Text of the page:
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Examination of every
Scripture on a single subject was once an impossibility. Now
it is relatively easily accomplished. The necessary help is
available in either of two large books:
Each of these books
lists every word in the King James translation of the Bible,
sometimes called the Authorized Version. Also listed are the
Hebrew and Greek words from
which they come (with
definitions) and other ways in which these same words are translated.
Libraries and good bookstores regularly have copies of Strongs
and Youngs Concordances.*
As an example of the
kinds of benefits reaped from exhaustive topical comparison,
note what happens when the traditionally controversial subject
of hell is examined. Below is the listing of "hell"
as found in Strongs Concordance.
Note immediately that
every occurrence of hell in the Old Testament is a translation
of a single Hebrew word (sheol) as represented by number 7585
in the right-hand column. Note the definition as reproduced
from the lexicon of Strongs Concordance shown on page
* Exhaustive Concordances
are now available for a number of translations and are frequently
also available on computer programs. Some newer versions have
been abridged and are therefore missing some important information.
Be sure to obtain an "unabridged version" to make
the most of your studies.
Following the colon
and dash (:-), Strongs Concordance lists the other ways
that this same Hebrew word (sheol) is translated in the King
James version. It is interesting to learn that the translators
occasionally rendered this word "grave" and "pit."
Finding this information, it is now important to look up grave
and pit to see the Scriptural usage of these words since they
are still a definite part of our topical study on hell.
lists the usages of grave and pit as follows: [look for number
Look in the right-hand
column for number 7585. (This, remember, means that the Hebrew
word sheol is the word being used.) This reveals the interesting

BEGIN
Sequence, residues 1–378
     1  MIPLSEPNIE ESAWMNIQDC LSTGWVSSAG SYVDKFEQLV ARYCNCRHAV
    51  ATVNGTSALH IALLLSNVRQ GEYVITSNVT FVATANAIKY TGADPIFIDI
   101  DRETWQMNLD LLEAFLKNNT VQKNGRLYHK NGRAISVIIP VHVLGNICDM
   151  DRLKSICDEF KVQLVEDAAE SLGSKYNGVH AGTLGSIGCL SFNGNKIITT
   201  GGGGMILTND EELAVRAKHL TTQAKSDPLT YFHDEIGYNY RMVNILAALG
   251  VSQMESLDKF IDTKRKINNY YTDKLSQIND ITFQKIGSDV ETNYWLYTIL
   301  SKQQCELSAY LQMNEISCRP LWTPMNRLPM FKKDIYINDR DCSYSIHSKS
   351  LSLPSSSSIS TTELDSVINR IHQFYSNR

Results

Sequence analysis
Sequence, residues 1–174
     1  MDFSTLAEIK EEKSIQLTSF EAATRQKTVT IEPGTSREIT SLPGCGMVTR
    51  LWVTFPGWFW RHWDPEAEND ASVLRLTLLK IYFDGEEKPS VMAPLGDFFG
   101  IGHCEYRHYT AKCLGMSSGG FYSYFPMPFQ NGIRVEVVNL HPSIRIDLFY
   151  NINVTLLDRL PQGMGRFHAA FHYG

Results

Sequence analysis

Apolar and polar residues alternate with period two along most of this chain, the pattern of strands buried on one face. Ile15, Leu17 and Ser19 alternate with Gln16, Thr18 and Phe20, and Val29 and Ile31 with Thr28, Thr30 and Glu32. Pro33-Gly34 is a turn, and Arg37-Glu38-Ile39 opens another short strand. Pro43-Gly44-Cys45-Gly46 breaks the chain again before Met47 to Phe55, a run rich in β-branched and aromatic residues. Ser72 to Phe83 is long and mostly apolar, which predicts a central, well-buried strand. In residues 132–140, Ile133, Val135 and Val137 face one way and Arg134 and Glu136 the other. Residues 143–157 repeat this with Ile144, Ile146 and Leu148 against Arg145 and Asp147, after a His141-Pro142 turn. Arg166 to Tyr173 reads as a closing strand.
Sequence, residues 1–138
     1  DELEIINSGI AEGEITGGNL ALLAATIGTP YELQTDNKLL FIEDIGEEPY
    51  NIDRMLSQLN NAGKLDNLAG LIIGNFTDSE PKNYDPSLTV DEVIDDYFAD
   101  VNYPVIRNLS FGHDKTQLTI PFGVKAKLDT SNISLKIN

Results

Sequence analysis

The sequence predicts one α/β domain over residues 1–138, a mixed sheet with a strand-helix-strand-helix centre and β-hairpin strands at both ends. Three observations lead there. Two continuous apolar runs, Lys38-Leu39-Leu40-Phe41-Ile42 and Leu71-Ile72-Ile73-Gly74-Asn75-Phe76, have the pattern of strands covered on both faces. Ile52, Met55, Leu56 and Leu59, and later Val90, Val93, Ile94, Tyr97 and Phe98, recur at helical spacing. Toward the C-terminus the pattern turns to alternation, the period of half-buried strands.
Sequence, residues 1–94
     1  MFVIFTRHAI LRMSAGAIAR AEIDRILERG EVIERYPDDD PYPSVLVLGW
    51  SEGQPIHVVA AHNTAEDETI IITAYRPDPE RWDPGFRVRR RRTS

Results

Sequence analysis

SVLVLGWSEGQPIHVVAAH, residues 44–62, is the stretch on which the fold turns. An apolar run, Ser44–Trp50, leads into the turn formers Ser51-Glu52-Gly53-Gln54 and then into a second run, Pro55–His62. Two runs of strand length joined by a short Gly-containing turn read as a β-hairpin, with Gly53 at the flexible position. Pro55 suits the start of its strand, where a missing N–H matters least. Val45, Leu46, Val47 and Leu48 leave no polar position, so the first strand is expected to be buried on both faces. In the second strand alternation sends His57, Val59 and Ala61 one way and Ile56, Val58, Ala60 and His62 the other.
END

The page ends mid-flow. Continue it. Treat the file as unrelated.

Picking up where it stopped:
fact that good men expected to go to hell! Genesis 37:35 shows
that Jacob expected to go there and that he thought his favorite
son was there! Job 14:13 shows that Job actually prayed to go
to hell to escape Gods wrath!
Is the value of this
kind of study becoming clear? Without pursuing the matter further,
it should be becoming clear that the teaching of hell as a place
of eternal torment is contrary to the Scriptures when
they are studied exhaustively and impartially!
If this matter is
studied to its logical conclusion, it will be found that the
word "oblivion" is the best synonym for the Hebrew
word sheol and its Greek (New Testament) counterpart, hades.
Hell is not eternal torment; it is oblivion. It is not only
for the wicked; it is also for the good. It is not permanent;
it is a temporary oblivion, or non-existence, or death-state.
(For a detailed examination of every Scripture on Hell, see
our publication Where are the Dead?) It is interesting to note
that such an old and large denomination as the Church of England
has recently accepted the validity of this definition of hell.
Arranged below are
three columns of Scriptures which contain the word "earth."
These samplings are purposely listed in three columns to point
out the seeming contradictions. One column contains Scriptures
which state that the earth will be destroyed. The second column
contains texts which show that the earth will not be destroyed.
The last column entries imply that there will be a new earth.
Read these texts before proceeding:
||2 Peter 3:13
This listing is still
based on the idea that an examination by TOPIC is of foremost
importance. From this chart, however, it is clear that topical
study by itself is not always adequate to eliminate contradiction.
Note the importance of two more methods of Scripture study:
study of symbolic language and study by Time Frame.
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